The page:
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Croatian Holiday Nut Roll | Povatica

It’s all in the wrist. The secret to making good Povatica, that is. This famous Croatian Holiday Nut Roll gives its maker a workout. You will be rolling, and pulling, and stretching the dough until it is thin, thin, thin. We’re talkin’ paper thin, like a curtain of dough, blowing in the breeze. I bet Croatian grandmother’s everywhere compete for the most delicate, thin walled Povatica. (Note this bread is also common- under various names- in other areas, such as Poland, Austria, etc) Unlike cinnamon buns, which ooze fluffy bready goodness as much as anything else, Povatica is all about showing off the filling, framed by delicate layers of bread. And Povatica is worth the effort. Here’s one Croatian’s description of good Povatica: I’ve tasted many different versions of Povatica. Some are made with honey and tend to be heavy, others are too doughy. My grandmother’s version is, to me, the perfect balance of dough and filling. Made properly (with dough stretched thin), it is delectable. My mother put together the recipe while watching my grandmother make the bread, as …

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Menu: Croatia

The leaves outside my window are gold, crimson, and brown, but have yet to fall completely to the ground.  I can’t believe it is already November. In the spirit of the times, I’ve loaded our Croatian meal with holiday foods. So… feel free to spread the table with Balkan cheer this year. Warm Christmas Potato Salad (Seasoned Potatoes with Salt Cod) [Recipe] Red potatoes tossed with salt cod, bacon, green onion, and a splash of fresh olive. This dish is often served at Christmastime in Croatia. Ham and Cheese Bread (Prisnats) [Recipe] Yeasted batter bread loaded with ham, bacon, green onions and cheese. Croatian Holiday Nut Roll (Pavotica) [Recipe] Fill your loaf pans with sweet, doughy Pavotica. This bread hides a lovely spiral sweetened with brown sugar, vanilla extract, cinnamon, and loads of finely crushed walnuts. Bambus (Celebration Drink) [Recipe] Wondering what to do with subpar wine? Have a little fun, Croatian style, and try mixing it with coca-cola. You’ll be falling in line with the Croatians and many other Balkan countries.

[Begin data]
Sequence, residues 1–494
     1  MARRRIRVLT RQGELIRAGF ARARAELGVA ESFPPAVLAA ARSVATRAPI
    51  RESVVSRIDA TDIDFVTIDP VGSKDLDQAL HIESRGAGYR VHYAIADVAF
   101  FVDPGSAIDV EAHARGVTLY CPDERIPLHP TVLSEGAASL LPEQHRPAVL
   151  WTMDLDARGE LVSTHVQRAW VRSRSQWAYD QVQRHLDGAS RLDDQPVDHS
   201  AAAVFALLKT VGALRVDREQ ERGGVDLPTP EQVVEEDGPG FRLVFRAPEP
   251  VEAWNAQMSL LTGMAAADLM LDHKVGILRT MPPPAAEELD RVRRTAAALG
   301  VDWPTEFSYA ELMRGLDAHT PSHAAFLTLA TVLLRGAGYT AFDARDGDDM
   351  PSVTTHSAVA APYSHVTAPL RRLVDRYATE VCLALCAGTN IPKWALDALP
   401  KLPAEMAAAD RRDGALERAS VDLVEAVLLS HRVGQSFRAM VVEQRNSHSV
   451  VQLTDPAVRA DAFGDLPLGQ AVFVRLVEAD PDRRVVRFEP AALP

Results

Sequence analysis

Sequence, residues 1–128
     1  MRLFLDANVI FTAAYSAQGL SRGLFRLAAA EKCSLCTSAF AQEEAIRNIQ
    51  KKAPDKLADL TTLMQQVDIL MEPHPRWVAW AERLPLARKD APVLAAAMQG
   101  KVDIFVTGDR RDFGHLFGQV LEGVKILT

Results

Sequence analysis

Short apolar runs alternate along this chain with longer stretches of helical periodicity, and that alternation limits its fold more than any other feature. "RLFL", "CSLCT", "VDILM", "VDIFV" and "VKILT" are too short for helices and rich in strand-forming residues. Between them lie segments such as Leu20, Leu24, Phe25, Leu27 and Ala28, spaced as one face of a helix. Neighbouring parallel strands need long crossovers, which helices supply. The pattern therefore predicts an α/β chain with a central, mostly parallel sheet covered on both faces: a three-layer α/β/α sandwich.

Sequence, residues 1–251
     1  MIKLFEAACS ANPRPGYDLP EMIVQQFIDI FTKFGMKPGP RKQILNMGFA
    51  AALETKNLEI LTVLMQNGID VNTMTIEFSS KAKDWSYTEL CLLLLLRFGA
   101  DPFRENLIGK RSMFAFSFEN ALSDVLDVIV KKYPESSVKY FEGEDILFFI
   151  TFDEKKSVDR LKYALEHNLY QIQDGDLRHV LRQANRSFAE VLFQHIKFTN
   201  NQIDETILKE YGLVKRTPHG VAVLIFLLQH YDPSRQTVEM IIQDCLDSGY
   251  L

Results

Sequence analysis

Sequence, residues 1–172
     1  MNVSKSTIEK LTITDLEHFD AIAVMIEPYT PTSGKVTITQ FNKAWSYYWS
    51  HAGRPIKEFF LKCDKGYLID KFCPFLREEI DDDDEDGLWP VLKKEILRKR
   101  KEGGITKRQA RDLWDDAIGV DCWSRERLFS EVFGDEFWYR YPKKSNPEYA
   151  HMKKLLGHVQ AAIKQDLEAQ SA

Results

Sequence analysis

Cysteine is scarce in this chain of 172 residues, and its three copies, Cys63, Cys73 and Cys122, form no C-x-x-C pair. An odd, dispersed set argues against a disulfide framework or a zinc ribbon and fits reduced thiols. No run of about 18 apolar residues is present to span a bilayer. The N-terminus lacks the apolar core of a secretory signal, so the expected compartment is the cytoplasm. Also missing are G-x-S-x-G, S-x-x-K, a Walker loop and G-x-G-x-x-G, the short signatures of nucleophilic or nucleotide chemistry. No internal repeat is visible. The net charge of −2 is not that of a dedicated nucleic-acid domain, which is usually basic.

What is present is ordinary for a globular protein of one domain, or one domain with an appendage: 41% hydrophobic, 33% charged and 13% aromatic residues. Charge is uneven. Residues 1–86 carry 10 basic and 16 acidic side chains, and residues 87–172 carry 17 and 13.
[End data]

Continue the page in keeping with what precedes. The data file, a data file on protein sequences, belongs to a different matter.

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About the Food of Croatia

Croatia is a rambling collection of mountains and forests with bursts of plains which hide secrets of scrumptious food, wonderful olive oil and tasty, age-old wine. But what about bad wine? Well, if you happen upon such a dismal thing as a bottle of bad wine on their turf, the Croatians (and other nearby countries) know what to do. The remedy includes coca cola or fanta. You’ll just have to wait a week to find out what Mr Picky and I think about that! (Officially, you’ll have to wait another 20 years to get Ava’s take on the whole thing. If you leave it up to me? You ‘ll have to wait another 98.9 years.) Thanks to a meandering and lengthy coastline, eastern Croatia boasts an abundance of seafood, including oysters, shrimp, and other fresh fish.  Eating fish must be like breathing – the houses on the shore literally seem to float on the water. Incredible. For those who like the old standbys our grandmother’s loved, salt cod – literally fish dried and stored in a …